Wed, Feb 02, 2011 - Page 8 News List

Charity work differs in Taiwan and China

By Lin Cho-shui 林濁水

Reports on the way Chinese tycoon and philanthropist Chen Guangbiao (陳光標) has been throwing money around during his trip to Taiwan have become a hot topic on the Internet, with Chinese netizens saying Chen should become “Minister of Unification.”

However, the pan-green and pan-blue camps disapprove of Chen’s action and a Yahoo online poll found that 43.3 percent of respondents disliked him, while 20 percent thought he was going too far. This is probably the first time in a history that philanthropic work has caused such a strong reaction. If Chen’s actions were part of China’s unification strategy, they must have had a rude awakening because his actions have in fact hurt China.

Chen said he wanted to set a good example by showing what charity was all about. China’s Taiwan Affairs Office (TAO) issued a statement saying this could help avoid “fake donations.”

Taiwanese have a reputation when it comes to charity donations, whether they are made through the Tzu Chi Foundation or the Red Cross. Taiwan’s GDP per capita is much lower than that of Japan, but the amount of donations per capita after the 921 Earthquake was much higher than the Japanese donated after the 1995 Kobe earthquake. Taiwanese businesspeople also donated much more than their Chinese counterparts after the 2008 Sichuan earthquake.

Given these facts, it is strange for Chen to say that he wanted to come to Taiwan to demonstrate what charity is.

Chen should understand that charity not only involves distributing wealth, but also respect for other human beings. He should also know how in civilized societies, people make use of official channels or non-government organizations to put donations to good use.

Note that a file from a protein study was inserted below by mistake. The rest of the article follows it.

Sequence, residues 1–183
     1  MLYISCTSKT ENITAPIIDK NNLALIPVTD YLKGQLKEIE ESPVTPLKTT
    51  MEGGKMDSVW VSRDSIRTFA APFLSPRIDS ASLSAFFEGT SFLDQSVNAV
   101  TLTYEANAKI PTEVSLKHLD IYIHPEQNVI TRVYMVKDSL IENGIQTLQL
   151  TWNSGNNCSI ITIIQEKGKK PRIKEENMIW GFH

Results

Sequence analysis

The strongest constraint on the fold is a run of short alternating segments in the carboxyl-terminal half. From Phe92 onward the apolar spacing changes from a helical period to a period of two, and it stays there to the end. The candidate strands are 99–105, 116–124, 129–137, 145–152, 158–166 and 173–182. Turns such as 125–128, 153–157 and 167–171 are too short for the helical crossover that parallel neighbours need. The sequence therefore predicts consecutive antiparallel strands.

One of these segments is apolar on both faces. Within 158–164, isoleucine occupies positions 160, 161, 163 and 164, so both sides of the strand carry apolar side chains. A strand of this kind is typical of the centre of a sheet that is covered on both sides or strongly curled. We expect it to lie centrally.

When the TAO said Chen’s way of showcasing charity helps avoid cases of “fake donations,” it was making a statement based on its experience in China. For instance, Chinese actress Zhang Ziyi (章子怡) had been accused of exaggerating the amount she donated following the Sichuan earthquake. Another form of “fake donation” is when donations are appropriated by disaster relief officials, as what happened after that earthquake. Given China’s lack of concern for society and volunteer work and the undeveloped state of its non-governmental and charity groups, Chen’s actions might be seen as appropriate there.

However, things are very different in Taiwan, which is why Chen’s behavior has been viewed as being strange.

Some people liken Chen to the rich gentry of old. However, in traditional Asian societies, where people have very fixed value systems and a strong sense of community, businesspeople tended to be disliked. It is true that examples of charity purely for altruistic motives and not out of the desire to be seen doing good are quite rare, regardless of how difficult it is to remain discreet about it. However, certain rules of propriety did apply to the gentry helping the unfortunate. In modern civil society, charity mechanisms are even more complex. It is only when values are in flux due to rapid social change and explosive economic growth and when non-governmental organizations are lacking because of control by a totalitarian government that we see odd varieties of philanthropy like Chen’s.

China’s current values are different from traditional ones, and its values, politics and social organizations are out of line with modern society. As a result, Chen’s and the TAO’s ignorance of the differences between Taiwan and China has led them to mistake Taiwan for China. It is this that has caused the recent uproar over Chen’s charity work.

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